To solve the problem of excessive emission of smog producing pollutants during the acceleration phase of engine operation, the present invention provides novel control means to retard the spark timing during a portion (e.g., the initial 3-10 seconds) of the acceleration cycle and means to return the spark timing to "normal" after a predetermined time.
The use of a reservoir to establish a differential pressure relative to the intake manifold suction has been described in co-pending application entitled "Servo Mechanism", Ser. No. 571,563, dated Aug. 10, 1966, for the purpose of initiating retard after the start of an acceleration.
Other objects of the invention are:
1. To provide a temporary retard compared to normal spark advance for 3-10 seconds after the start of an acceleration at less than full throttle and then return the spark timing to normal using the motion of a portion of the linkage between the foot throttle and the throttle butterfly to sense the accelerations.
2. To accomplish the above purpose by the use of the spark advance and/or retard mechanism as controlled by intake manifold suctions.
3. To temporarily cut out the suction operated spark advance as distinguished from the governor actuated advance common to the drive for the spark breaker cam during the start of an acceleration at part throttle.
4. To use a clutch on the throttle operating linkage to sense the start of an acceleration to trigger a timing device to temporarily retard the spark relative to normal timing following the start of a part throttle acceleration.
5. To render such temporary relative retard as sensing by throttle linkage motion ineffective at full throttle accelerations when only a slight suction exist in the intake manifold.
6. To sense the start of a part throttle acceleration and start a relative retard of the spark compared to normal and maintain this relative retard for a predetermined time and then return the spark timing to normal automatically without special action by the operator.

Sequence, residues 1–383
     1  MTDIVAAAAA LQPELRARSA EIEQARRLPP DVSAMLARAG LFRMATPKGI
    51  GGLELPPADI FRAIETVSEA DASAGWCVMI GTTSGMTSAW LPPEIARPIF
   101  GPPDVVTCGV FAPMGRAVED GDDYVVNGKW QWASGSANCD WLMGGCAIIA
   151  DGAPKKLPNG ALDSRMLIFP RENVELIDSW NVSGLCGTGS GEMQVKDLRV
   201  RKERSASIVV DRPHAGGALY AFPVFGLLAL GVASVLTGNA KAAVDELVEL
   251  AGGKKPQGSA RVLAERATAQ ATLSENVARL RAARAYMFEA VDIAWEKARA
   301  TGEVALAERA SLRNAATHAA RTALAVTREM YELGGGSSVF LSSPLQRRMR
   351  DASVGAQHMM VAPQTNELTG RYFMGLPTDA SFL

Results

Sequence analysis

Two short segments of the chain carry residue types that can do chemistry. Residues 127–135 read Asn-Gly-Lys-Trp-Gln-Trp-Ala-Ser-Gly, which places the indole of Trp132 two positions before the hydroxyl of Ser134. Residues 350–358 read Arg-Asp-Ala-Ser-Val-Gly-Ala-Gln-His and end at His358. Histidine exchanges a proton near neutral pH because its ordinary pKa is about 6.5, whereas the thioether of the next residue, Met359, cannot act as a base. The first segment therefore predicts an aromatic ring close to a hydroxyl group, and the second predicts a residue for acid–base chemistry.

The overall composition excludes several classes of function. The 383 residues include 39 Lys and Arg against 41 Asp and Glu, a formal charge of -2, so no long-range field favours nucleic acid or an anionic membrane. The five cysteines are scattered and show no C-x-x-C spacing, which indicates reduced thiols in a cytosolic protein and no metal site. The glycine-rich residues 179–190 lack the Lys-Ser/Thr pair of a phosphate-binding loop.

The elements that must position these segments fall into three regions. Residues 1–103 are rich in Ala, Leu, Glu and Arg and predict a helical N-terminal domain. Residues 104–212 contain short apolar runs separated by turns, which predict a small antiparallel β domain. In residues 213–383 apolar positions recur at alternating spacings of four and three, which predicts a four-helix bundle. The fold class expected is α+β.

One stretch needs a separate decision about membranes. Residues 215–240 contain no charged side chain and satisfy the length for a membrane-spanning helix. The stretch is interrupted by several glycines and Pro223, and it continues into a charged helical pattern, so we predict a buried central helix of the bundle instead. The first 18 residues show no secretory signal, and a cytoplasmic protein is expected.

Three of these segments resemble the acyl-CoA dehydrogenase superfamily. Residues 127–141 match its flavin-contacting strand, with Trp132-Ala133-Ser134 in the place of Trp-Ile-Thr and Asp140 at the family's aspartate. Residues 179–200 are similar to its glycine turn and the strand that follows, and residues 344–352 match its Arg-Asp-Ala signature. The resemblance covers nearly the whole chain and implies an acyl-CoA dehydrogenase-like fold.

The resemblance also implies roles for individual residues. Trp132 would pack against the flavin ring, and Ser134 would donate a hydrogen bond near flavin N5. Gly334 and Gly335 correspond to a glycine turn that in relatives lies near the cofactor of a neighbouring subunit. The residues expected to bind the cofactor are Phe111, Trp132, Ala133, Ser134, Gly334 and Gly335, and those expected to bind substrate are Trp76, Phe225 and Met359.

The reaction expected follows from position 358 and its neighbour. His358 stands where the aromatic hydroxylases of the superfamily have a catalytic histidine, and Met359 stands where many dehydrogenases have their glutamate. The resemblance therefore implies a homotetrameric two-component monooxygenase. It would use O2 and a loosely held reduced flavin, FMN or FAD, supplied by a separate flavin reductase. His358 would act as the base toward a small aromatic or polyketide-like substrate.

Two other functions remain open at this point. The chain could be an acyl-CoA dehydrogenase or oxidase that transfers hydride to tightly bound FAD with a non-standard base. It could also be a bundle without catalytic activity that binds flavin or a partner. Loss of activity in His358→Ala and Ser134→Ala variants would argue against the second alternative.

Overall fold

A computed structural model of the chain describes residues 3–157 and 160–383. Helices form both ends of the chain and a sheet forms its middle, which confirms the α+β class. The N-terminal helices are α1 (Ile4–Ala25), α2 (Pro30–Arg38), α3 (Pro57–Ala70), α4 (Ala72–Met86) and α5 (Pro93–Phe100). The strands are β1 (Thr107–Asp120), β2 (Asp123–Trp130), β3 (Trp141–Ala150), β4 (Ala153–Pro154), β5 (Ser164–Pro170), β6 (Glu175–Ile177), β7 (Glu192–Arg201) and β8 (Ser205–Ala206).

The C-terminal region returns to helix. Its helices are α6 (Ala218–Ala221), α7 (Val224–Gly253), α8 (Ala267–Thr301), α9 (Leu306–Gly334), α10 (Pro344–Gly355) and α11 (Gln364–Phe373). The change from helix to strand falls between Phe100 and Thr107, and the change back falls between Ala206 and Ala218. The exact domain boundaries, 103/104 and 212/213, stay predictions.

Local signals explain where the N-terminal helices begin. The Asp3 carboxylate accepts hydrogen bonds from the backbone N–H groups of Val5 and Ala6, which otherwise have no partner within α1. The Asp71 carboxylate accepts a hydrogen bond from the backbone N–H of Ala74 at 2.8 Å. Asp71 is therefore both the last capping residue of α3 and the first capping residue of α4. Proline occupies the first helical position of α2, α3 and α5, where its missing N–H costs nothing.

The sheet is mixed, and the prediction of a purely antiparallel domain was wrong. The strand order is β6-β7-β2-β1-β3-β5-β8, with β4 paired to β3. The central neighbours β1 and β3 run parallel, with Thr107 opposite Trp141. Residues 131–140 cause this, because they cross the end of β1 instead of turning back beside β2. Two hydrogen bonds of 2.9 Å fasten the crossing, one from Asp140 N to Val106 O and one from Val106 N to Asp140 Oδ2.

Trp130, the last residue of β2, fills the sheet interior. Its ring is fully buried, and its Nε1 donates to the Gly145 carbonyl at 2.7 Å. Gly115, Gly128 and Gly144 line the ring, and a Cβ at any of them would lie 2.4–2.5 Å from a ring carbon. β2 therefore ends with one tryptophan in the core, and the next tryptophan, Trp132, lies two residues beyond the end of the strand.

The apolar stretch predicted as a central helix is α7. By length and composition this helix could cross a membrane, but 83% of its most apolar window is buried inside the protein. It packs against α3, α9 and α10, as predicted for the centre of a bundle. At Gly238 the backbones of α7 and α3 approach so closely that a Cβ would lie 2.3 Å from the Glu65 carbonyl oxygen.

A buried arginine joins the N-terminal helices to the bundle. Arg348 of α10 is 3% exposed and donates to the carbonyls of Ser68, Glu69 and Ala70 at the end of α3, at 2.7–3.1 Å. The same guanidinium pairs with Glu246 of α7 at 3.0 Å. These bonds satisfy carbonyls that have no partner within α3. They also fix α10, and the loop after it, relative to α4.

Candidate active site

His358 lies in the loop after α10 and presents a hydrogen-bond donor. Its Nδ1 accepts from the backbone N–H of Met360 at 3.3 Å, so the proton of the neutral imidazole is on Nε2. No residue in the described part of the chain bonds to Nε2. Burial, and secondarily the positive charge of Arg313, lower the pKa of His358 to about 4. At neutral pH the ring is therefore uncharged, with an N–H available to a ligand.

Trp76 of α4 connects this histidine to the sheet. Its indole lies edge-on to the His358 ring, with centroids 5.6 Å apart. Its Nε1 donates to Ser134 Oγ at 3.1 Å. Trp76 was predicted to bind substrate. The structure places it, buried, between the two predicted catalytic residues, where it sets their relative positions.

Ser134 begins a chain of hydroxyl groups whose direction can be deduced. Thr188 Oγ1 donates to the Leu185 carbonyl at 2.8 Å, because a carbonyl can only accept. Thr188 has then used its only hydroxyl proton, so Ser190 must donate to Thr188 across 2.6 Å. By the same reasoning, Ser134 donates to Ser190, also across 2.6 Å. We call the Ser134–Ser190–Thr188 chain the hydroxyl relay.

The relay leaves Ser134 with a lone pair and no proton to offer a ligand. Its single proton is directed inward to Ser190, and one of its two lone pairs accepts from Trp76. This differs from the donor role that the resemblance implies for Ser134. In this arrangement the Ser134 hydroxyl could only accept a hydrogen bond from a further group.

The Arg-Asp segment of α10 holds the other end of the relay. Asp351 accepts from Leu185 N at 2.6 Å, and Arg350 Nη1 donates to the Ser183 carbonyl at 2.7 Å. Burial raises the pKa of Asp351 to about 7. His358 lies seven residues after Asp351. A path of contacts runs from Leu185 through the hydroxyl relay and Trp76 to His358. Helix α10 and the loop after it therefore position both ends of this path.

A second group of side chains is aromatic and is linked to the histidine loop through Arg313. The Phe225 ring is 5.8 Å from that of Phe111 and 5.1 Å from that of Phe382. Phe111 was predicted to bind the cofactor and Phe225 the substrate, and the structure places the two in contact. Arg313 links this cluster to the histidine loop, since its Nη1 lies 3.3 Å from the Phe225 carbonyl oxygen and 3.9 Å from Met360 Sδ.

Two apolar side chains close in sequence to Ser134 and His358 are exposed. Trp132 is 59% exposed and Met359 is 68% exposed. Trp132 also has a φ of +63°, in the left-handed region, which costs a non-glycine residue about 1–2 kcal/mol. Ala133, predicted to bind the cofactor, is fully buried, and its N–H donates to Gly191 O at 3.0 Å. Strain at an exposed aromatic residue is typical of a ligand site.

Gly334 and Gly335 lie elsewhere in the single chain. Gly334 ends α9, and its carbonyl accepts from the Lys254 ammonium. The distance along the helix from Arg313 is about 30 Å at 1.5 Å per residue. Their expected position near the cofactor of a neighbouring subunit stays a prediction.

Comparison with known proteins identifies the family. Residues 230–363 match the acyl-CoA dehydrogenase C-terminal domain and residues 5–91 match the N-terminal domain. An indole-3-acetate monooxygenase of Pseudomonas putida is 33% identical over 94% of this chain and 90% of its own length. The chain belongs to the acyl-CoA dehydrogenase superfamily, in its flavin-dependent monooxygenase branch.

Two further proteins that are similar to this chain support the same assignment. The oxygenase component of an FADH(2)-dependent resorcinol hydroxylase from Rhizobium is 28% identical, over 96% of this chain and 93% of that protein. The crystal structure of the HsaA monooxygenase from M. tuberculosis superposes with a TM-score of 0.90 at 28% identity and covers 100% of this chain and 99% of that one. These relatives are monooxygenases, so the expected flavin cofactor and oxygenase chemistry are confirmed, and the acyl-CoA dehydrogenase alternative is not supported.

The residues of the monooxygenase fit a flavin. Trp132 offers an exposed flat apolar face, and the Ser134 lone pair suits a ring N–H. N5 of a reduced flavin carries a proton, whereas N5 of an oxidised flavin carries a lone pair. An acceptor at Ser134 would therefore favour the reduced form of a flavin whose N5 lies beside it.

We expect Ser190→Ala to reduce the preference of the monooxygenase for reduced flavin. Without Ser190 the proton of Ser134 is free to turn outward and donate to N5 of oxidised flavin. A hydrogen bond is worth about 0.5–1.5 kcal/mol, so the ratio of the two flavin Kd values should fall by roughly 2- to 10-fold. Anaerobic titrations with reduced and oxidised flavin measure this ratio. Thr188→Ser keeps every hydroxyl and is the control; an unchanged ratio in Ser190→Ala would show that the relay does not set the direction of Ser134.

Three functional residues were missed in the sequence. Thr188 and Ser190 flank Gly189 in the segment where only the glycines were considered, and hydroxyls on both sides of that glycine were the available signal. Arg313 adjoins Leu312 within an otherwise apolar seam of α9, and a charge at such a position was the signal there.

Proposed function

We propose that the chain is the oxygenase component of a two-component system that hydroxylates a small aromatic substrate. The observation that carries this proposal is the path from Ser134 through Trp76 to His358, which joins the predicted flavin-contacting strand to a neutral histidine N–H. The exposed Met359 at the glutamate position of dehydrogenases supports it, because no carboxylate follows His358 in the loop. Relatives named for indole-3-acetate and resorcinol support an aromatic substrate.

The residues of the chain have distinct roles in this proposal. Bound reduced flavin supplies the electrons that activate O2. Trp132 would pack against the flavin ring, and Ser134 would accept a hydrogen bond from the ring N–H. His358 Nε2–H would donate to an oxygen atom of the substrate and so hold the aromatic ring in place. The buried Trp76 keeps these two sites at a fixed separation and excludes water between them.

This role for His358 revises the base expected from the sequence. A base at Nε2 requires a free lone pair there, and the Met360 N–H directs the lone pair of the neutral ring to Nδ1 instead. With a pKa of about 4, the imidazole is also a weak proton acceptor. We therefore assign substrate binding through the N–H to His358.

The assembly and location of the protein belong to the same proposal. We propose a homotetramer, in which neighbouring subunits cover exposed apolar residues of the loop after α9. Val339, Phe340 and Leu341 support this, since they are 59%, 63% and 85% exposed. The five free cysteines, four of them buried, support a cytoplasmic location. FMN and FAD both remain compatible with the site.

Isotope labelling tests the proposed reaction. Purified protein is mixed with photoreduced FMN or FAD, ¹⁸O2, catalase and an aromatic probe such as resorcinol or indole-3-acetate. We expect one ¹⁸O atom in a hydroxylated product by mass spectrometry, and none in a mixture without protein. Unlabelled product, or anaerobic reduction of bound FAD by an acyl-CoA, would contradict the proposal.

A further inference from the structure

Other objects and advantages of the invention will appear and will be explained more clearly and understood better from the following description of a preferred embodiment of the invention presented in accordance with the statutes.
IN THE DRAWINGS
FIG. 1 is a schematic drawing of a system embodying the principles of the present invention for controlling the spark timing of a spark ignition engine.
FIG. 2 is an enlarged view in elevation and in section of the primary elements of the control unit which provides the signal to vary the spark timing of a conventional automotive distributor.
FIG. 3 is an enlarged view in plan and partly in section of the slipping clutch actuator.
FIG. 1 shows a gasoline engine 10 and pertinent portions of a system concerned with the present invention. Its ignition system consists of distributor 11, spark plugs 12 and a double acting diaphragm actuator 13 which regulates the spark timing of gasoline engine 10. These are sometimes conventional components for automotive engines. Other parts not pertinent to the present invention are not shown.
The present invention provides a rod 14 which leads to slipping clutch actuator 15 which pivots at the upper end of lever 16. Clutch actuator 15 carries a compression spring 15a which presses on friction ball 15b. The compression of spring 15a is controlled by friction adjusting acrew 15c. Lever 16 rotates on pivot 17 which is attached to plate 18. The travel of lever 16 is limited by stops 16a and 16b. Yoke 19 is attached near the lower end of lever 17 and engages spool valves 20a and 20b. Spool valves 20a and 20b slide in valve body 21.